Savon de Marseille is a traditional hard soap made from vegetable oils that has been produced around Marseille, France, for about 600 years. The first documented soapmaker was recorded there in about 1370. By 1688, Louis XIV introduced regulations in the Edict of Colbert limiting the use of the name “Savon de Marseille” to olive oil based soaps. The law has since been amended to allow other vegetable oils to be used.
By 1913 production had reached 180,000 tons, and in 1924 there were 132 soapmaking companies in the Marseille and Salon-de-Provence areas combined.
Traditionally, the soap is made by mixing water, olive oil, and the lye (sodium hydroxide) together in a large cauldron (usually making about 8 tons). This mixture is then heated for several days, stirring constantly. Included in the process is to wash the soap paste with salt water from the Mediterranean Sea. This ensures the soap free of caustic soda or “Extra Pur“. The mixture is allowed to sit until ready, then poured into a mold and allowed to set slightly. While still soft it is cut into bars, stamped, and left to completely harden. The cooling takes advantage of Mistral wind from the Mediterranean sea. The whole process can take up to a month.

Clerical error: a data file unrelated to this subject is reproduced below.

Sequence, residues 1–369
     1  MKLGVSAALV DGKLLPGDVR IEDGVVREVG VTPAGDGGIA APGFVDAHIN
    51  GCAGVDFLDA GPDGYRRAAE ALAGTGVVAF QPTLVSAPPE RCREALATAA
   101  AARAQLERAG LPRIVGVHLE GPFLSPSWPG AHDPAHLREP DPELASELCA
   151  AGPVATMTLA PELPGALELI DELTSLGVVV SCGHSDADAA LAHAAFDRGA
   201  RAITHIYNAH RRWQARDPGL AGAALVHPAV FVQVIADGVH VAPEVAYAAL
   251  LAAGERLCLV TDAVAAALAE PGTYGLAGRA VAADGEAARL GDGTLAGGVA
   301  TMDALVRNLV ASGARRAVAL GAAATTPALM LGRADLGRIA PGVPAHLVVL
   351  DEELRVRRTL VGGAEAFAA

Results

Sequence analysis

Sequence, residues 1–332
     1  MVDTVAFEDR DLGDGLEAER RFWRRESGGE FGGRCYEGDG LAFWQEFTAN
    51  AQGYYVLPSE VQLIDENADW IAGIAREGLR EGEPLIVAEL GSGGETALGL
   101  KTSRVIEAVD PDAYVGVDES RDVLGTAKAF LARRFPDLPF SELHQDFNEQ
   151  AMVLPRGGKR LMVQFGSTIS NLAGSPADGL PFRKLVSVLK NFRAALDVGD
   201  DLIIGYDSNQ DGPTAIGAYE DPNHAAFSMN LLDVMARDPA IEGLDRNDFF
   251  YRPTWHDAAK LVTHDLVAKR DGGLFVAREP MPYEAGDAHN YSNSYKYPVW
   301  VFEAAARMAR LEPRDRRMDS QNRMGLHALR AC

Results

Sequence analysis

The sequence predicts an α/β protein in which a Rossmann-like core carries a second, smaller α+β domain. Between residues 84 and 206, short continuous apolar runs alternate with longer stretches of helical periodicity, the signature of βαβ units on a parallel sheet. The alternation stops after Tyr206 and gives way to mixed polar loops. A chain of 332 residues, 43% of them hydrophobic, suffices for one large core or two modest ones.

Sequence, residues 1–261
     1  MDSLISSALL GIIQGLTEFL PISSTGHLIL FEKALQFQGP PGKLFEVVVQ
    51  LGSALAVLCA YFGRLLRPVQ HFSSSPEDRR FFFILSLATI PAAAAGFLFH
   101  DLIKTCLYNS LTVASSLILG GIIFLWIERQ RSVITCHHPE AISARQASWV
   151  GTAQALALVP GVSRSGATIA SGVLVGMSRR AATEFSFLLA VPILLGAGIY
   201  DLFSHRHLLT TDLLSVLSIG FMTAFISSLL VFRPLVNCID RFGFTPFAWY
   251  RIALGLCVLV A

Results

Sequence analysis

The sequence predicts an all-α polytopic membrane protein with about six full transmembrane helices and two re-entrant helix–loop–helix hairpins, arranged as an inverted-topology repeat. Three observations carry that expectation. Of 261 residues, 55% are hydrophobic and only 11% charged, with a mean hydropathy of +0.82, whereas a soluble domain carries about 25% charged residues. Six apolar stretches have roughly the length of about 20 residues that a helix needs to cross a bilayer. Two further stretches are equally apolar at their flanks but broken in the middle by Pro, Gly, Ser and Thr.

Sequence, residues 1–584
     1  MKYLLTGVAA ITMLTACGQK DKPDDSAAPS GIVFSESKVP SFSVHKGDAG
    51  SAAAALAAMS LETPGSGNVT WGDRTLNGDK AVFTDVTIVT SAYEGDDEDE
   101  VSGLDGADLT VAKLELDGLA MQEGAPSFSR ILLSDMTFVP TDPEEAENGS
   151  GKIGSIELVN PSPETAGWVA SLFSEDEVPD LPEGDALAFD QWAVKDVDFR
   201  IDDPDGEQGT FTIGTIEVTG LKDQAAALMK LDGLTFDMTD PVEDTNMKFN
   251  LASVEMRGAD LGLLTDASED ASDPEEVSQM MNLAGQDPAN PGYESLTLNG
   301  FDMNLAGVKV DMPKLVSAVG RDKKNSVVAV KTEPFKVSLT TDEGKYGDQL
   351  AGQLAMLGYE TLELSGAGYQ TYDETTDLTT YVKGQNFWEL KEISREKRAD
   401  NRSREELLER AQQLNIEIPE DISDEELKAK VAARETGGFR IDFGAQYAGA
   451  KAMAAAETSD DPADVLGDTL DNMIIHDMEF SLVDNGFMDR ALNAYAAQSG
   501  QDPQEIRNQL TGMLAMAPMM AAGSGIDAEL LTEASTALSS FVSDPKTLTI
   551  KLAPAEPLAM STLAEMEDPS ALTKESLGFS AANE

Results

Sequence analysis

In spite of other soap producers with chemical additives and modern machines, until today Savon de Marseille is arguably the de-facto best soap in the world. It’s recommended by many dermatologists as a hypo-allergic soap.